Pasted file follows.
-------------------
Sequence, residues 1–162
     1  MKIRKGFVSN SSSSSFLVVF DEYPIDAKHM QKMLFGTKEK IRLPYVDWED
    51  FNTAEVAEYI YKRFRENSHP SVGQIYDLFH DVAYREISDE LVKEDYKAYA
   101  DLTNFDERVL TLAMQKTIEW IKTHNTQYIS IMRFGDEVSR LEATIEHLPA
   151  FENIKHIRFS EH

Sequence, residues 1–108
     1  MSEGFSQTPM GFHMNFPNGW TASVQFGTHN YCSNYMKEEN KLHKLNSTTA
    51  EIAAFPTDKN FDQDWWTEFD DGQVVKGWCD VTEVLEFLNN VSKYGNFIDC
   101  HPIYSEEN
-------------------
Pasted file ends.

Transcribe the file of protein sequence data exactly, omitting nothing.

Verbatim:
Sequence, residues 1–162
     1  MKIRKGFVSN SSSSSFLVVF DEYPIDAKHM QKMLFGTKEK IRLPYVDWED
    51  FNTAEVAEYI YKRFRENSHP SVGQIYDLFH DVAYREISDE LVKEDYKAYA
   101  DLTNFDERVL TLAMQKTIEW IKTHNTQYIS IMRFGDEVSR LEATIEHLPA
   151  FENIKHIRFS EH

Sequence, residues 1–108
     1  MSEGFSQTPM GFHMNFPNGW TASVQFGTHN YCSNYMKEEN KLHKLNSTTA
    51  EIAAFPTDKN FDQDWWTEFD DGQVVKGWCD VTEVLEFLNN VSKYGNFIDC
   101  HPIYSEEN